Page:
There is no shortage of options for buyers who want to solely target gravitational pull of their trailers, but weight should be just one of many considerations when ordering equipment, says Chuck Cole, manager of technical sales and product training at Utility Trailer Manufacturing.
“As a manufacturer, we need to know as much as possible about the intended use of a trailer,” he says. “After reviewing customers’ operations, we sometimes have to tell them that a lightweight spec won’t work. We don’t want to sell a product that doesn’t meet their needs, both in terms of performance and longevity.”Price is another important consideration, Cole says. Although some choices can save money – thinner wall insulation, for example – others add mightily to the total. “If you’re buying aluminum wheels just for their lower weight, you’re spending about $7 per pound,” Cole says. “Buyers need to determine if that’s a worthwhile investment.”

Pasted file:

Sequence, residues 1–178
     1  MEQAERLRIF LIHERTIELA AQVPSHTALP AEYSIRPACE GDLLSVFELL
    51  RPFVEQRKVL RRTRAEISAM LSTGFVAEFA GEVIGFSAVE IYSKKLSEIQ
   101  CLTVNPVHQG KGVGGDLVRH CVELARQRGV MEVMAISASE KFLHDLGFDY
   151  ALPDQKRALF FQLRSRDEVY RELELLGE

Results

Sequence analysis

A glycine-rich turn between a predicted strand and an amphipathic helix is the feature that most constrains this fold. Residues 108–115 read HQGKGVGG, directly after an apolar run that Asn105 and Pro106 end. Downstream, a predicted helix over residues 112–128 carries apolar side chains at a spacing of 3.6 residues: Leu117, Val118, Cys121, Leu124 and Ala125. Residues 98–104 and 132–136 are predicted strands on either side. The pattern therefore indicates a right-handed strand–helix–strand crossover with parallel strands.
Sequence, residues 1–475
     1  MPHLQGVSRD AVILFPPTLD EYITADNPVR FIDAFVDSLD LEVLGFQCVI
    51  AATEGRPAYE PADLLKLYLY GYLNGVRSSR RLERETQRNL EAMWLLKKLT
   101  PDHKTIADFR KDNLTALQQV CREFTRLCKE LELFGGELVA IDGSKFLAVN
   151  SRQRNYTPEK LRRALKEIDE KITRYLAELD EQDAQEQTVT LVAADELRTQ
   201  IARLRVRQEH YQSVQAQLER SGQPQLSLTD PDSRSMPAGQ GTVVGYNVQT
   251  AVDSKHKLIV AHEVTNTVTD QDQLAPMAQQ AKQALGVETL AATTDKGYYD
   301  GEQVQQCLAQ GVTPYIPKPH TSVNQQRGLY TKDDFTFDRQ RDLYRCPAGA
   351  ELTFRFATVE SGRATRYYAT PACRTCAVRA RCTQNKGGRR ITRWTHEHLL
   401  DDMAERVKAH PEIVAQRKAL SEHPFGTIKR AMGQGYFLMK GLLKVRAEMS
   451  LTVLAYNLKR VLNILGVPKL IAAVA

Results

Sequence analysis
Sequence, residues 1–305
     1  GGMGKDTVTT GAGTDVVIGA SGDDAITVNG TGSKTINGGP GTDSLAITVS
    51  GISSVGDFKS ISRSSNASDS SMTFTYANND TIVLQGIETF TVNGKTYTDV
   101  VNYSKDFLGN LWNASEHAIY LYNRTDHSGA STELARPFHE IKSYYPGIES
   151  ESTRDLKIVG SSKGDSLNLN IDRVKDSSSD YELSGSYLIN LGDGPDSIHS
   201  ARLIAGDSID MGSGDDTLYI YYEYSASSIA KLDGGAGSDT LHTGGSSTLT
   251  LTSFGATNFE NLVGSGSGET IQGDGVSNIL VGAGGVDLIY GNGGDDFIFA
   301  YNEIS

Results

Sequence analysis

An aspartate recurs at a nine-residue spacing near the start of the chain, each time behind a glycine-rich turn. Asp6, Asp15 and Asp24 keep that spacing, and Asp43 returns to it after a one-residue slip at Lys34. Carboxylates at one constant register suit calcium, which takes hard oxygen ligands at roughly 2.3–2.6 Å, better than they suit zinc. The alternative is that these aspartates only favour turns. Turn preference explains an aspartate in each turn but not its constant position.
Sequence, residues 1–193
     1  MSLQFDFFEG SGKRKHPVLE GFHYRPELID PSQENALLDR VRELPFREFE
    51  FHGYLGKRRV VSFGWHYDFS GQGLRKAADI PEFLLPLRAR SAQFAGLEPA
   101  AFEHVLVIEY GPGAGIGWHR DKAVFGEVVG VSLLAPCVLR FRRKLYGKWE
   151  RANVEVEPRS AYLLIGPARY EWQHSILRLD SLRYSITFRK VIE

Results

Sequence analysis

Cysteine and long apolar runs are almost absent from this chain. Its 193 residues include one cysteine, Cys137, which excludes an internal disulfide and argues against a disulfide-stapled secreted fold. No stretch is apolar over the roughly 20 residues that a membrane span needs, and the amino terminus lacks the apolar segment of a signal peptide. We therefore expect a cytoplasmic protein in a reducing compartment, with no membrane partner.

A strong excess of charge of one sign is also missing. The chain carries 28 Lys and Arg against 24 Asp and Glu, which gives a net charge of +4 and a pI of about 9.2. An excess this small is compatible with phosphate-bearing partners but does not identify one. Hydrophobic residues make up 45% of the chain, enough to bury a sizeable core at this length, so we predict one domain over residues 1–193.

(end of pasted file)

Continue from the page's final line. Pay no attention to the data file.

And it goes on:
He says the entire vehicle’s weight must also be taken into account during the spec’ing process. “You can never pull enough weight out of a trailer to compensate for an excessively heavy truck.”
The basic equation for any refrigerated carrier is one of value: What’s a pound of vehicle weight worth? That number will vary widely among – and maybe even within – companies. Whatever the number, however, it should be the starting point for any serious effort to spec a lighter refrigerated trailer. FE